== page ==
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The man-made disaster called flood insurance

Critics unanimously pan the Federal Emergency Management Administration's (FEMA) National Flood Insurance Program, or NFIP for short. Since the 1970s the NFIP has -- almost literally -- poured money into the ocean each time there's been a major hurricane that washes away coastal homes.

But now a report by the Government Accountability Office (GAO) goes even further, hinting that the NFIP might be beyond saving. The GAO's recent report to Congress says that Congress's own meddling has "weakened the financial soundness" of flood insurance.

"FEMA owes $24 billion to the U.S. Treasury . . . and hasn't made principal payments since 2010," claims the GAO report.

The report is a torpedo amid ships, not only for the 5.5 million people who have federal flood insurance, but also for the millions more who may be required to purchase it if they own or buy flood-prone homes. And, some believe with global warming, the U.S. will have more of them each year.

It could also be a potential depth charge to American taxpayers, who would be responsible for $180 apiece to help pay off the crushing and increasing debt that FEMA owes as a result of this failed insurance program, according to published reports.

flood insurance problemsLooking for private insurance companies

So, is there any good news? Not really, except perhaps for insurance companies. FEMA's woes could create an opening for private property-casualty insurers who might be willing to take the place of the NFIP if they are given enough incentives.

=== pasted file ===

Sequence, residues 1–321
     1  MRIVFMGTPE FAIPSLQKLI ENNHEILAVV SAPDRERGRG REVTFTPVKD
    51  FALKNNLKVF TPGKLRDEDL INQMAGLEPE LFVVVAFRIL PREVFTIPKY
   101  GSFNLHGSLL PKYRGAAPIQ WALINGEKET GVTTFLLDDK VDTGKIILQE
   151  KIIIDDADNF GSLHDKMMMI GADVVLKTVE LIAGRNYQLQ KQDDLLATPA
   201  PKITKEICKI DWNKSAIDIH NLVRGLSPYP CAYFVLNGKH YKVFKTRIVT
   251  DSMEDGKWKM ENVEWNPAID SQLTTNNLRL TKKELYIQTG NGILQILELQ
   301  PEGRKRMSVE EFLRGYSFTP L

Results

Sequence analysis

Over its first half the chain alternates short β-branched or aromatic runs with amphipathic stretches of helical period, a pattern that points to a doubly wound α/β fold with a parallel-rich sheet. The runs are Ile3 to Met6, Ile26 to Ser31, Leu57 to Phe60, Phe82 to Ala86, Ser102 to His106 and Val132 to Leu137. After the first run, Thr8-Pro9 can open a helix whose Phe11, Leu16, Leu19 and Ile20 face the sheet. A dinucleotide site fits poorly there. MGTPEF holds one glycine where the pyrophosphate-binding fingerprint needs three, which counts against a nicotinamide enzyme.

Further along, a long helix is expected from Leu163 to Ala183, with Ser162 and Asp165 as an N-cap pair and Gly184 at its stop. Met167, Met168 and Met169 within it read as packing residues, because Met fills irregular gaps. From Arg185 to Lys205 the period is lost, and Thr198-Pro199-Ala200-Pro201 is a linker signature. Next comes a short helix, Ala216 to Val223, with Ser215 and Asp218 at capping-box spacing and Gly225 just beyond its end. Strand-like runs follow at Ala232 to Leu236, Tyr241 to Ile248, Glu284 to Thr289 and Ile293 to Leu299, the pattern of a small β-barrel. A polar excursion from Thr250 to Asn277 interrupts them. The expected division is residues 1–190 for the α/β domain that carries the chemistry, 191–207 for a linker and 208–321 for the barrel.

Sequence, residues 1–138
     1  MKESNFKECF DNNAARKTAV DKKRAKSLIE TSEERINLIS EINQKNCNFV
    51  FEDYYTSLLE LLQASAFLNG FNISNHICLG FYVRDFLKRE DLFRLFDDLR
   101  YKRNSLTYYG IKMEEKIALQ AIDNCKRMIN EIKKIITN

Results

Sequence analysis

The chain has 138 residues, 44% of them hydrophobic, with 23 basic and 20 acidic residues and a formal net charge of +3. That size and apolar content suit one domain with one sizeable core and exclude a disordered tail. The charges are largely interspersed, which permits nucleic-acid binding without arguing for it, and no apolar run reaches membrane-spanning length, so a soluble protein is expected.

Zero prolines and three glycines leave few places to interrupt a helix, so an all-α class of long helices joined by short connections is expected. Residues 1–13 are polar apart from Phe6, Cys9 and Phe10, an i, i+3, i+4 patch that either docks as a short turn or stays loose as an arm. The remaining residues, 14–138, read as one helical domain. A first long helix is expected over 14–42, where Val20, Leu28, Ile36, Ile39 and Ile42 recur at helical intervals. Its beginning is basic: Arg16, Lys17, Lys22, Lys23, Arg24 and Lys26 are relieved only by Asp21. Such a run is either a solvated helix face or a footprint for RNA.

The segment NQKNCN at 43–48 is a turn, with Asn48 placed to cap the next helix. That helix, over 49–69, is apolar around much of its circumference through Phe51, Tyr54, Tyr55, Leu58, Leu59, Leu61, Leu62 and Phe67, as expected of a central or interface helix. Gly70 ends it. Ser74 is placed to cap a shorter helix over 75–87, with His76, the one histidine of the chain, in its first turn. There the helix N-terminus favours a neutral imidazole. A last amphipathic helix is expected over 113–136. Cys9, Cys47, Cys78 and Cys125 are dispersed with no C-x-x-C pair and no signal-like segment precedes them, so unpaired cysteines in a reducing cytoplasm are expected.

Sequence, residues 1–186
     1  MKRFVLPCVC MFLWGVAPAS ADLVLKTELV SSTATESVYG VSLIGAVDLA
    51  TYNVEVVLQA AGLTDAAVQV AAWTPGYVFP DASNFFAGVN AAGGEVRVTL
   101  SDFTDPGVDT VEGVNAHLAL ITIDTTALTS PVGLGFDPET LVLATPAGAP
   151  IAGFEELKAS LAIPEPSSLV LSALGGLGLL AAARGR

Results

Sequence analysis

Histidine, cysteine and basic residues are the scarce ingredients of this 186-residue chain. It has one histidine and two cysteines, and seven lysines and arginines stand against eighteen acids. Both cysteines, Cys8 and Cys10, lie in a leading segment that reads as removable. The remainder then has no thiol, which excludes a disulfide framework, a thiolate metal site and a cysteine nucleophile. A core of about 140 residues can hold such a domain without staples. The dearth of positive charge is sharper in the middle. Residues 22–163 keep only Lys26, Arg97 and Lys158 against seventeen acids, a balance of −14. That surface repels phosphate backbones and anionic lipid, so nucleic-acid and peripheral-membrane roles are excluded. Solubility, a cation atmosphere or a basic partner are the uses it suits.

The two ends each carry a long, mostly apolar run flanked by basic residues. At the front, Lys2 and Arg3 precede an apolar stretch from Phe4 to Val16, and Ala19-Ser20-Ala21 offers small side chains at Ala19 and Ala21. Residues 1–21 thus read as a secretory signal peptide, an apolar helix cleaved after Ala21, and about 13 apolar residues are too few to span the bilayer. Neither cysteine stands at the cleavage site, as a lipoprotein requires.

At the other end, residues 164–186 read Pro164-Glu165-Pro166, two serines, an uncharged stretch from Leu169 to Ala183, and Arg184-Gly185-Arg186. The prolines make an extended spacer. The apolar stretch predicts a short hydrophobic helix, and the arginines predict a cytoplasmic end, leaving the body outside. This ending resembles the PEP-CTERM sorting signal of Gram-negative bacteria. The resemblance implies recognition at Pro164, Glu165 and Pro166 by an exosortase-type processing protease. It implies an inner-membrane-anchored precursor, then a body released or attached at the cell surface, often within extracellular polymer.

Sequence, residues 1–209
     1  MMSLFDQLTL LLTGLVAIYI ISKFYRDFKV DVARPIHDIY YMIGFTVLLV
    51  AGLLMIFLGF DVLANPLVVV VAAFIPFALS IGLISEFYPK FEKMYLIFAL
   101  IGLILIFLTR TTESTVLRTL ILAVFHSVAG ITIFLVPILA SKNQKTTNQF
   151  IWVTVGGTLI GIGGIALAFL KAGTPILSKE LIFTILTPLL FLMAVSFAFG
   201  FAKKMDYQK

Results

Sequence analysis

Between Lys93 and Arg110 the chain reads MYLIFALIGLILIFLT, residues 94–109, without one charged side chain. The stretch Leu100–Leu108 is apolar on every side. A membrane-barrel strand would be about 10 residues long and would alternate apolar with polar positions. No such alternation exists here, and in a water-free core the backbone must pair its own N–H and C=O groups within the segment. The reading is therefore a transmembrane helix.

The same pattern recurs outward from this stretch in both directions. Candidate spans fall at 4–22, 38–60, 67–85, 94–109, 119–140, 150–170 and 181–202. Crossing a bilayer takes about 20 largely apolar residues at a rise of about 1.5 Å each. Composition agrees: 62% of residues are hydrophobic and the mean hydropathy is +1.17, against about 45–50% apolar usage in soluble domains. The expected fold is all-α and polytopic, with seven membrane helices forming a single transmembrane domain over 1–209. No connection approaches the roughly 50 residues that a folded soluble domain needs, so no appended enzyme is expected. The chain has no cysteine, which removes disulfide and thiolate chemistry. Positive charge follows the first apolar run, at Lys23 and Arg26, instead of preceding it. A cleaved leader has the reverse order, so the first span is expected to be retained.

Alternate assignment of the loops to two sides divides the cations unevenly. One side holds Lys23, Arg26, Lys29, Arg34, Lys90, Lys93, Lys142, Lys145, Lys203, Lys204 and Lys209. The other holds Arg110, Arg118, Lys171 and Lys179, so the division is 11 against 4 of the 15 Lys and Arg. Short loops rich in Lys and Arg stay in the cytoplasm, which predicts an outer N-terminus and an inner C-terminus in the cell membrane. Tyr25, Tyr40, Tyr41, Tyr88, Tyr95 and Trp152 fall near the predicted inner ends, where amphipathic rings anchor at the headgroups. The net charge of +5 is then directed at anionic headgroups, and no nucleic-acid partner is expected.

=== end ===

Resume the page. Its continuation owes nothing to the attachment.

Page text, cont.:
As part of its options to reduce the cost of federal flood insurance, the GAO suggests that FEMA could "increase private sector participation," thereby taking FEMA out of the flood insurance game except to provide backup coverage in the event of a major hurricane.

And some consumer groups think this is an idea whose time has come.

"I am pounding the pavement looking for private insurance options," says Executive Director Amy Bach of United Policyholders in San Francisco.

Ace, AIG, Chubb, Fireman's Fund and Lloyds are among the insurers who offer private flood insurance, while Warren Buffett's Berkshire Hathaway provides backup coverage to some insurers. But while many of these private insurers do offer their own flood insurance, it's only for clients who've already maxed out their federal flood insurance at $250,000 per building and $100,000 for contents.

Bach says, "We need to develop a private market so that flood insurance is an option for everyone, not just the wealthy."

She says that the barriers to introducing more choices in the private flood insurance market aren't insurmountable, and that much of Europe already has private flood insurance. Bach points to the Homeowners Catastrophe Insurance Fund, which is active in five western states. Participating insurance agents work with the underlying coverage of a customer's homeowners insurance policy to provide additional protection.

Bach says she'd also like to put a list of private insurers who offer flood coverage on the United Policyholders' website, "if we could compile a reasonably accurate one."

This idea of private flood insurance also has support from New Jersey Gov. Chris Christie, whose state suffered the most from Superstorm Sandy, and from academics like Andrew Young of the University of Mississippi Department of Economics.

"The NFIP should be eliminated, allowing private insurance to be offered . . . and property owners to make informed choices," says Young in an abstract.